Hello people, I am hopefully going to share some insight into my life as a Dyspraxic. So let's start off with some terminology.
What is Dyspraxia?
Dyspraxia is a condition which affects the fine and gross motor skills. Dyspraxics can find difficulties in simple tasks such as self-care, writing, typing, riding a bike, organisation, planning, time management, memory, speech and thought as well as educational and recreational activities.
So for example, today, like most days, I start off by making a cup of coffee- a simple task for anyone, right? Wrong! I have to do it in a very particular order or else my mind would wander. While the kettle boils I would day dream and then end up having to re-boil, as I've forgotten that I have already boiled it- in short, it's boilception. So I tend to stick to my routine; first, I press the boil button, then get the coffee out of the cupboard, then the cup, sugar and milk. I put two spoonfuls of coffee and sugar in and when that's done, I know that the kettle is boiled. This is just a simple way for me to help myself remember the smallest of tasks.
We are also inclined to experience exhaustion, muscle pain/weakness, joint pain/weakness, severe anxiety (and more mental health issues such as depression) as well as the inability to concentrate any longer than a goldfish.
Last Night's Adventures
Dyspraxics suffer from mental health issues as aforementioned. Yesterday I received my results from my portfolio for university. The result was less than satisfactory for my anxiety-ridden brain to comprehend and thus resulted in my landing in meltdown territory.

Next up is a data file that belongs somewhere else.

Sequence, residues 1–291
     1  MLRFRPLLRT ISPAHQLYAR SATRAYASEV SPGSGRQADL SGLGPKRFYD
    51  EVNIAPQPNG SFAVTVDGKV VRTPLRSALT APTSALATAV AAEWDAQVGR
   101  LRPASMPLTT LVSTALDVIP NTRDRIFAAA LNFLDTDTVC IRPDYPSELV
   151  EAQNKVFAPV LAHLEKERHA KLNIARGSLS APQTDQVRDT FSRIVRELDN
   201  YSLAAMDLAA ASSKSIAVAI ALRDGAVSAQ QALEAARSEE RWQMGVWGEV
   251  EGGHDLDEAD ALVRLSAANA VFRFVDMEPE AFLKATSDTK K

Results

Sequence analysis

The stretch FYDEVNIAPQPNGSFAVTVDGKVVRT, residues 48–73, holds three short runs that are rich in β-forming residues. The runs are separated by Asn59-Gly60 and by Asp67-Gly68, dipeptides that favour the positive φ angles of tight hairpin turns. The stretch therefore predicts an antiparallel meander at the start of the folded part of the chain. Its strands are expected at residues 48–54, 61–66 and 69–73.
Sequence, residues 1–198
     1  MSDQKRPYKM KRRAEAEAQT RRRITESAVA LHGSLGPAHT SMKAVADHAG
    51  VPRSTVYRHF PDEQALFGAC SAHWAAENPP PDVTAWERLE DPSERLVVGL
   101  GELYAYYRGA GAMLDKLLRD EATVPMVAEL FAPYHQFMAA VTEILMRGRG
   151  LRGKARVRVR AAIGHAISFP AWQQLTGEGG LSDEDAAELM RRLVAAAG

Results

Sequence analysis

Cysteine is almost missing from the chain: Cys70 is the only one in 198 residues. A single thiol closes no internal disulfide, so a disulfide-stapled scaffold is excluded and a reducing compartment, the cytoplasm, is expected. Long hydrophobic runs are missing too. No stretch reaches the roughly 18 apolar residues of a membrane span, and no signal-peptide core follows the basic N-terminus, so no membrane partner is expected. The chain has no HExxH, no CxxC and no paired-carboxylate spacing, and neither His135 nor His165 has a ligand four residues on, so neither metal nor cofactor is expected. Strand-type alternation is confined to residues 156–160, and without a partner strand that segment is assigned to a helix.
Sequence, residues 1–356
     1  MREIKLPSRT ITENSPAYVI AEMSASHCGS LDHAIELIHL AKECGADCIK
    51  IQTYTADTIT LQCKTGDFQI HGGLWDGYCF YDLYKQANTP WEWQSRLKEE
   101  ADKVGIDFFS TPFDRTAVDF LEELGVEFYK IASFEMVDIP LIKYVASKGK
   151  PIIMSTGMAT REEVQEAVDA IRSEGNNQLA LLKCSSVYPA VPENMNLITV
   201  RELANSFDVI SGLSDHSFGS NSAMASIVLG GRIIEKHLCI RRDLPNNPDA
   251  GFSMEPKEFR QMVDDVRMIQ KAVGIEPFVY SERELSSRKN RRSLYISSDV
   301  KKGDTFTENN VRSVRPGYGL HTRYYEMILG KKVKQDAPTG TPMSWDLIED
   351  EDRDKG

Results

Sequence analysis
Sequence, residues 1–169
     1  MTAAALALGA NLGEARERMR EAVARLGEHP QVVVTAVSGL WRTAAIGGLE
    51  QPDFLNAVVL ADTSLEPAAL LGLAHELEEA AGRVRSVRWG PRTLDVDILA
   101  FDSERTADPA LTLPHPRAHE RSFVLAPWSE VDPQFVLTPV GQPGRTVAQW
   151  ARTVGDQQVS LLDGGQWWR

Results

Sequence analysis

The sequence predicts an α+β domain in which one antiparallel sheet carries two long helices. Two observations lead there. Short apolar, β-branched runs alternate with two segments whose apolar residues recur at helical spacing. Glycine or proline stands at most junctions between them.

A meltdown, in this case, isn't just someone crying on the floor because they cannot get what they want. A meltdown is having a severe anxiety attack as well as a tiny little voice in my head whispering just loud enough for me to hear, "You're not good enough," "You should kill yourself," "You're a failure," "You can't do this, you're stupid, you're ugly, you're fat, you're a slut," "everyone is better than you," "everyone hates you and talks about you," "you have no friends." And that's just to name a few. These thoughts repeating over and over in my mind causes me to suffer heart palpitations and makes me dizzy. I shake all over and I am freezing. I feel like I need to hide from myself- but there is no way to do that.
I hate meltdowns, and try to avoid them at all costs. I do have my strategies to defend against a meltdown. Usually it's my partner, because he always whispers a little louder than the voices in my head that he loves me and that, "you're safe sweetie." Another is the basket- putting a basket over my head helps a lot.
Anyways, back to last night's adventure. I did have a meltdown but luckily it wasn't until my partner came in. I do still feel a little doubt about my capabilities, but that will go away with time.
This morning I had to pack most of my things away, as I have to move back in with my parents. Regular breaks took the edge off my constant exhaustion, which results from my inability to concentrate on a simple task for longer than a few seconds. Done and dusted, now, for the rest of the day I have a lovely reminder of my hard work in the form of painful joints and sore muscles- whooooo dyspraxia sure is fun sometimes...
Now to add more to my day, I have had to drive. Don't get me wrong, I love driving, but my dyspraxia does not. Having to concentrate for that length of time is scary and makes me sore.
Getting home was fun, but I know now that for the rest of this weekend my routine is going to change.
This is an exhausting day, it may not seem like it to non-dyspraxics, but it is. I try not to get down about it. This is what an average day is like, even if for others it seems like nothing. Imagine working out at the gym or going for a swim for 5 hours with no breaks- that is what dyspraxia feels like- a lack of concentration due to the overwhelming exhaustion tugging at your very existence.
I don't have any more to write, as I cannot predict tomorrow's adventures.
I may do these posts as a weekly series because I usually remember the positives more than the negatives.